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25 maio 2011
Why Are Vampires terrified of Garlic?
Next, taking a handful of the flowers [of garlic], he rubbed them all over the sashes, as though to ensure that every whiff of air that might get in would be laden with the garlic smell. –Dracula, Bram Stoker
Vampires, evil beings that fed on blood, have been particularly prevalent in in the 18th century. Although superstition may have originated from Western Europe, fear of vampires became wides spread and sent the whole of Europe into mass hysteria. A well-known defense against vampires is to chew garlic and have cloves of garlic around you at all times. Of course chewing garlic release a putrid smell that is almost impossible to get rid of. This is because upon chewing garlic a sulphur containing chemical called allicin is produced, and sulphur containing compounds (thiols) are well known to smell nasty. The smell is often associated with rotting eggs or rotting meat, and it this is exactly what people wanted as surrounding oneself with this smell is thought to offer protection against the evil vampires. The Romanians took this so far as to smear garlic on every nook and cranny (including their windows, doors, gates and even cows). Now the question begets, “Why is Garlic useful against vampires”; wouldn’t it be more logical propagate a myth where vampires are terrified something that smells good? If not, something that smells less vile.
One of the possible explanations for this odd belief is that garlic is known to have anti-bacterial qualities. Garlic was used to ward off various diseases such as the plague and it is believed to have many health benefits. Infact, there have been many scientific studies (2)(3) showing the anti-bacterial properties of garlic. Asvampires were associated with “evil”, a category that diseases and plagues belong to, one might assume that garlic might also ward off this evil.
Another possibility is that garlic is natural mosquito repellent. Since vampires are also blood sucking fiends, having an odour of garlic might repel them away also.
A rather interesting hypothesis by the French Occultist Robert Ambelain (4)(5) is that the burning of arsenic compounds started off this whole trend. This might sound a bit preposterous, but there is certain logic to the argument. During the time vampires lore is dominant; Arsenic, a potent poison, was believed to hold power over evil (arsenic was also used in many folk medicines). This ideology was strongly held by many alchemists in major cities like Prague and Moravia at that time. When alchemists were hired to ward of vampires, they would burn arsenic containing compounds to provide the illusion that they are warding off evil with powerful evil slaying odours. These arsenic containing compounds when burnt would provide a nasty odour that smells exactly like that of chopped garlic. The peasants would of course notice this and make the connection that chewing garlic would produce the same effect and would be cheaper than hiring and alchemist (hence contributing to its spread and popularity). One critique of this theory is that garlic burning was localized to a few countries in Europe whilst Vampire lore was much more widespread.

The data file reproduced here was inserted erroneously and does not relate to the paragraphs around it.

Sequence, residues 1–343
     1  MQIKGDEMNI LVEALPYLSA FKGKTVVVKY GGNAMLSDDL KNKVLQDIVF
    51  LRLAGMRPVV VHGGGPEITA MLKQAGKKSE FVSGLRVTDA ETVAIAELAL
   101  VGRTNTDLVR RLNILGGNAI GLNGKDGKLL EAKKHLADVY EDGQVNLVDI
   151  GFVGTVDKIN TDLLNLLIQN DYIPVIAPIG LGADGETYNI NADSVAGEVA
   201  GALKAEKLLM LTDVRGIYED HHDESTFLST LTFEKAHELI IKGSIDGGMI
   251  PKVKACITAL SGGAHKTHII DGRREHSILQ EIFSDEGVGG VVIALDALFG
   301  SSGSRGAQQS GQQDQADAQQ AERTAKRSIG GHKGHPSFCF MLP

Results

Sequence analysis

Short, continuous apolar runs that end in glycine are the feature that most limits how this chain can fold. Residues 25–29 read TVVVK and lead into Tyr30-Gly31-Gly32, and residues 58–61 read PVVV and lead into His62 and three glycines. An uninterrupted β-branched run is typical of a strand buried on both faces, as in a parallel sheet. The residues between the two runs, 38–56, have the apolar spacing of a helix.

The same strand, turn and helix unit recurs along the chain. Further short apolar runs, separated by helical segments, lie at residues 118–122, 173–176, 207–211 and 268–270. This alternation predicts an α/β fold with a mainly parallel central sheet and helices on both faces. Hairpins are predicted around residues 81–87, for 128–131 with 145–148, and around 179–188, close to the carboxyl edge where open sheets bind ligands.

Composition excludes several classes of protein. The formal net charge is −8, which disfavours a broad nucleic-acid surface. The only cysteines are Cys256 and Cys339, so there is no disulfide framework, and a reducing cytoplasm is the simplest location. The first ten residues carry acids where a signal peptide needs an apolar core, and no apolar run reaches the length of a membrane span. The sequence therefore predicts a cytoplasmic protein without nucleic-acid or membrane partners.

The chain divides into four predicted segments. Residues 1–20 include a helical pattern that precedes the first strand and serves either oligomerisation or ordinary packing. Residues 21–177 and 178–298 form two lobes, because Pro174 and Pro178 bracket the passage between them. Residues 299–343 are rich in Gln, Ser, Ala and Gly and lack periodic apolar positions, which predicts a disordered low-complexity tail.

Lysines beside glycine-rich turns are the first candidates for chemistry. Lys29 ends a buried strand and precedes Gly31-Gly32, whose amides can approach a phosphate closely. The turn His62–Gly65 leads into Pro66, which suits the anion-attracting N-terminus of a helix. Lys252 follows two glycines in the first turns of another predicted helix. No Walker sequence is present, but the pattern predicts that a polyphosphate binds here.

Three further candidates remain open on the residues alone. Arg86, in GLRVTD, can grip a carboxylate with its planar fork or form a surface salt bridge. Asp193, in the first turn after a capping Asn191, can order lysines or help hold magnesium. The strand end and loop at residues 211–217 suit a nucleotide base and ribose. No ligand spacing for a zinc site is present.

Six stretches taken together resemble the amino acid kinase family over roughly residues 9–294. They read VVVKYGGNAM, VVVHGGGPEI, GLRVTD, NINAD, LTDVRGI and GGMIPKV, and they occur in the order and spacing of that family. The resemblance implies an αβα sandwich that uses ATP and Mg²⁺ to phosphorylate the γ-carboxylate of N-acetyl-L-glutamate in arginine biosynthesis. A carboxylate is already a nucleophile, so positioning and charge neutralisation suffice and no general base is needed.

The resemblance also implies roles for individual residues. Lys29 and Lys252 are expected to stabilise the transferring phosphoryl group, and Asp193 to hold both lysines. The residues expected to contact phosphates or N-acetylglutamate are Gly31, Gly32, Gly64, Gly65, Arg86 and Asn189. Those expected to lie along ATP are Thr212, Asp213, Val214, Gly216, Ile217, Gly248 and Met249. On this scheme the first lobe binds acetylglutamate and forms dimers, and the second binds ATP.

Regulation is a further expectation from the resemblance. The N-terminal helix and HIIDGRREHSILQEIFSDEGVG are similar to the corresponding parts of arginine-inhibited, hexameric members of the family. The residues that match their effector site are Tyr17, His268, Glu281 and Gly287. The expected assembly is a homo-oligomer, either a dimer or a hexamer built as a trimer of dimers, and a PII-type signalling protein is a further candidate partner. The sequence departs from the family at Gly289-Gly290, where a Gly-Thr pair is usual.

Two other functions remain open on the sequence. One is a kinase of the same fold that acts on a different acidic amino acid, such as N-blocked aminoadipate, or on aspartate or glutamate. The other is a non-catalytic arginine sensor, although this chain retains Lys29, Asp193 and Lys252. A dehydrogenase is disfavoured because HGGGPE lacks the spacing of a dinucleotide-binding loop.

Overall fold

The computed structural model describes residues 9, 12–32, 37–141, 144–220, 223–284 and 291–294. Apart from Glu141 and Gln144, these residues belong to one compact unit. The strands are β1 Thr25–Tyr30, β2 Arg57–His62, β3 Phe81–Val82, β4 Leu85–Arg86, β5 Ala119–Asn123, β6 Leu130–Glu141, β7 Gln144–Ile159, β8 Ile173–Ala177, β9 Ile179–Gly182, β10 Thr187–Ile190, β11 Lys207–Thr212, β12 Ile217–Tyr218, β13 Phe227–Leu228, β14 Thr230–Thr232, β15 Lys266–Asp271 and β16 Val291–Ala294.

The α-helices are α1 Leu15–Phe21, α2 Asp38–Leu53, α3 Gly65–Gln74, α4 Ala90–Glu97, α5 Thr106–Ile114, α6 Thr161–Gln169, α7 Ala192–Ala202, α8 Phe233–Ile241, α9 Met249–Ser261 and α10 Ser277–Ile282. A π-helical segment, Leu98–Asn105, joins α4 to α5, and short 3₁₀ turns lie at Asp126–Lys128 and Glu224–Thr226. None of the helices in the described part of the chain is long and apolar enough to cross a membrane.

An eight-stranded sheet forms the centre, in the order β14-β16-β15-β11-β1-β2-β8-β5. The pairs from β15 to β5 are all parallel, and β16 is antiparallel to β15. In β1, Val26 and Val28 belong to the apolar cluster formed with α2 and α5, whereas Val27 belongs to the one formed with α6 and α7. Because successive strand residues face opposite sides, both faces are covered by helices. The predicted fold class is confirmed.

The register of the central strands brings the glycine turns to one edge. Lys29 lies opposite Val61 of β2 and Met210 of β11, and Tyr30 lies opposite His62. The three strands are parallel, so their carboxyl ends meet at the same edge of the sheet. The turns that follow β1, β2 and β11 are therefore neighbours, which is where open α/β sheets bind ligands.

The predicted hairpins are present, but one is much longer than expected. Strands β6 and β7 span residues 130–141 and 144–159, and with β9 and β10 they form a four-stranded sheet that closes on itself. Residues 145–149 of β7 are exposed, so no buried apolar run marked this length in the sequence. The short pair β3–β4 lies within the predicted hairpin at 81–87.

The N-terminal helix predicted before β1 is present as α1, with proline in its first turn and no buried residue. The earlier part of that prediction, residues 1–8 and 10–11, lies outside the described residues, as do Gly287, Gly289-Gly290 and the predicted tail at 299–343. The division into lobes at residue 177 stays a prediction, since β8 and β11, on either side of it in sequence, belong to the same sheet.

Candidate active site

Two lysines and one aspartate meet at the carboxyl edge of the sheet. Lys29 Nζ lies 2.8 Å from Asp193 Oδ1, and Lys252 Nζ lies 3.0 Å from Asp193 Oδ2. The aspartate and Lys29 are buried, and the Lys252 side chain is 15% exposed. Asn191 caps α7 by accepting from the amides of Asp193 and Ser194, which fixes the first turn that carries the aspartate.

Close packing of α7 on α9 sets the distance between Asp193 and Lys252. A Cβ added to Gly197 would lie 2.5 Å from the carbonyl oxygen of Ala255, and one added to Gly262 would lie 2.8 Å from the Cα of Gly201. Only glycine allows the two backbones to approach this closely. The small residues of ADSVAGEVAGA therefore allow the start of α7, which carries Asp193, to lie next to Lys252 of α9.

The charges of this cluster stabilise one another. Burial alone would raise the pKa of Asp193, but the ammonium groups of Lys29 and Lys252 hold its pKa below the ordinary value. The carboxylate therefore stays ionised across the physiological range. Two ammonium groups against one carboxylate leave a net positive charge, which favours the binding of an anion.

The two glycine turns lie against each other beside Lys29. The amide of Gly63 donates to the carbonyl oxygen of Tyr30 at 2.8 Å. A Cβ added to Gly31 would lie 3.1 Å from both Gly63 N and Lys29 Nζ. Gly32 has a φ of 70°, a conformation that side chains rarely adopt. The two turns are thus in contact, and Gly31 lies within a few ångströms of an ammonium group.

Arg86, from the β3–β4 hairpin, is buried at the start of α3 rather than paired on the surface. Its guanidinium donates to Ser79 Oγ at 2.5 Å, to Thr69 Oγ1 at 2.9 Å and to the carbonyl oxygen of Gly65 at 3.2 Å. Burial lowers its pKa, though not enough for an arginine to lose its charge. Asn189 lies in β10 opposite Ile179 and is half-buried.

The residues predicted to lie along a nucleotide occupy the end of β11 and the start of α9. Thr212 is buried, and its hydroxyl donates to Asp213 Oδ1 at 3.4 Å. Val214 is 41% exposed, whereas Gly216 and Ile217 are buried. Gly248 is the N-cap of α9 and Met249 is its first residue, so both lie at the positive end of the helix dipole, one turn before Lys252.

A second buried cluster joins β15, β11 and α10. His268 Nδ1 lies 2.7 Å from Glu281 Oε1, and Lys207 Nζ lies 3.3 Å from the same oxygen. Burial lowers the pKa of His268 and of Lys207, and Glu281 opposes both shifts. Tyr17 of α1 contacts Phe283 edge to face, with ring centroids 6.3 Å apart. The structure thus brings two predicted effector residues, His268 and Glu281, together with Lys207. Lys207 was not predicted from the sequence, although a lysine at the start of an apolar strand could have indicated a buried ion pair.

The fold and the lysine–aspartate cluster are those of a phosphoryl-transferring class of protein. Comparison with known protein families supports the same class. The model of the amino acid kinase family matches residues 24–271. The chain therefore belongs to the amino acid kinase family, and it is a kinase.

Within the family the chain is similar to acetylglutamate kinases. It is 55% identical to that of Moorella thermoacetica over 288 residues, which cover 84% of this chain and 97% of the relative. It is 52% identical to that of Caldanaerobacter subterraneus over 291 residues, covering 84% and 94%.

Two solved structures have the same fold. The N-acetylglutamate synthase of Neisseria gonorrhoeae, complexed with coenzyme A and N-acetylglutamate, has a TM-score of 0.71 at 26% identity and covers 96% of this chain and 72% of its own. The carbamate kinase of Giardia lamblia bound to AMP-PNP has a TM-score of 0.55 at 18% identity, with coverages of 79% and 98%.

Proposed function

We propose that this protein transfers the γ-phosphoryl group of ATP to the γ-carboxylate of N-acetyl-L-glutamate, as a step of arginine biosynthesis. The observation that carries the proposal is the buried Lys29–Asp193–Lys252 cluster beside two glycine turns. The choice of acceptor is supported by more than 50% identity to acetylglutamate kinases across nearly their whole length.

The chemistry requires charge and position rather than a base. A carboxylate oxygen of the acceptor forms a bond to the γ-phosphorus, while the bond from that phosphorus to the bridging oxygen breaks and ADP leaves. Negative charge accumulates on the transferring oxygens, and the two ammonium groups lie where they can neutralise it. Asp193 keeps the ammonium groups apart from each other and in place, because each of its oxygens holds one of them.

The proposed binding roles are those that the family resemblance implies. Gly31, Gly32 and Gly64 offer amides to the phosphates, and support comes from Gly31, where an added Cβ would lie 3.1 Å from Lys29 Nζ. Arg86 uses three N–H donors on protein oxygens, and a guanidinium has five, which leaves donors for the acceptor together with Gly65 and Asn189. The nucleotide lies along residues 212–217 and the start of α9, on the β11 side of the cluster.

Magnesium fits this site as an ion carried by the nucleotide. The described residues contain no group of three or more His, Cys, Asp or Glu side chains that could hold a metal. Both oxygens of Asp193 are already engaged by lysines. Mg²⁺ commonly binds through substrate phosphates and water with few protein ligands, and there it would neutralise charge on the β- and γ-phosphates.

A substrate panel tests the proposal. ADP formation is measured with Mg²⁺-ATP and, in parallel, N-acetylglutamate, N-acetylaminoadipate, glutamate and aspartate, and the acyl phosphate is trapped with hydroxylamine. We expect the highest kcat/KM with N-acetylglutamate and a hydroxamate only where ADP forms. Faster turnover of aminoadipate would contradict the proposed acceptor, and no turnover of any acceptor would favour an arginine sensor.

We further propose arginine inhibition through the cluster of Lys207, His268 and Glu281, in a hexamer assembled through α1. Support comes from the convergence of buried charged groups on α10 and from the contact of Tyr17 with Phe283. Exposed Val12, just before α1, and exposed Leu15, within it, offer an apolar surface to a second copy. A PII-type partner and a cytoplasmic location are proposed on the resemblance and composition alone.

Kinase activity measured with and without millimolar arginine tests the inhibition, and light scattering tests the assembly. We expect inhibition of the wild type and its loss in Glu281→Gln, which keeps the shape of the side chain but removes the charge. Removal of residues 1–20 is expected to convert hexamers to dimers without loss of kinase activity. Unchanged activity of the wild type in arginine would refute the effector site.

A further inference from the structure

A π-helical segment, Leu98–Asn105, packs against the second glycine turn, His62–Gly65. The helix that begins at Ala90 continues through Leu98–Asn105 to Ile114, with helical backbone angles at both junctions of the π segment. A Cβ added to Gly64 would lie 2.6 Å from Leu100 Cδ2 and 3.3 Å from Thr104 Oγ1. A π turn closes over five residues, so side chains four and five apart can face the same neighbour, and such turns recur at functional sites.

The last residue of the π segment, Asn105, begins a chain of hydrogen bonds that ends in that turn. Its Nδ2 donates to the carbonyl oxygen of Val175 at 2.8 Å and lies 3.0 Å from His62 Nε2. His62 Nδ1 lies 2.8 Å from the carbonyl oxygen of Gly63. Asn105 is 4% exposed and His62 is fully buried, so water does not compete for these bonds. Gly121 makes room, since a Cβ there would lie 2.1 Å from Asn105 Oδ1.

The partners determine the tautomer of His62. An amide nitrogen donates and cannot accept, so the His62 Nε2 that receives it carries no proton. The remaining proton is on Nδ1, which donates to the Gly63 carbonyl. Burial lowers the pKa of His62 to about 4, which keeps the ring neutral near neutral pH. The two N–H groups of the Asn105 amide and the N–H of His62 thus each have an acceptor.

One interesting twist to the story is an experimental study done in 1994 by Sandvik H et al (6). Devoid of real life vampires, the group used blood sucking leeches to try to find out if a garlic smeared hand would repel the leeches. As it turns out, the garlic actually attracted the leeches and decreased the amount of time it took to attach itself to the hand. They therefore proposed that garlic might actually attract vampires. This might not be a conclusive theory, but it is sure enough an ironic result. Perhaps they should try an experiment with vampire bats next time.
Of course there are many other other explanations, if you have have any ideas please post them below:
Silver & Ursini, The Vampire Film, pp. 22–23.
Cavallito, C. J.; Bailey, J. H., Allicin, the Antibacterial Principle of Allium sativum. I. Isolation, Physical Properties and Antibacterial Action. Journal of the American Chemical Society 1944,66 (11), 1950-1951.
Farbman, K. S.; Barnett, E. D.; Bolduc, G. R.; Klein, J. O., Antibacterial Activity of Garlic and Onions: A Historical Perspective. The Pediatric Infectious Disease Journal1993,12 (7), 613.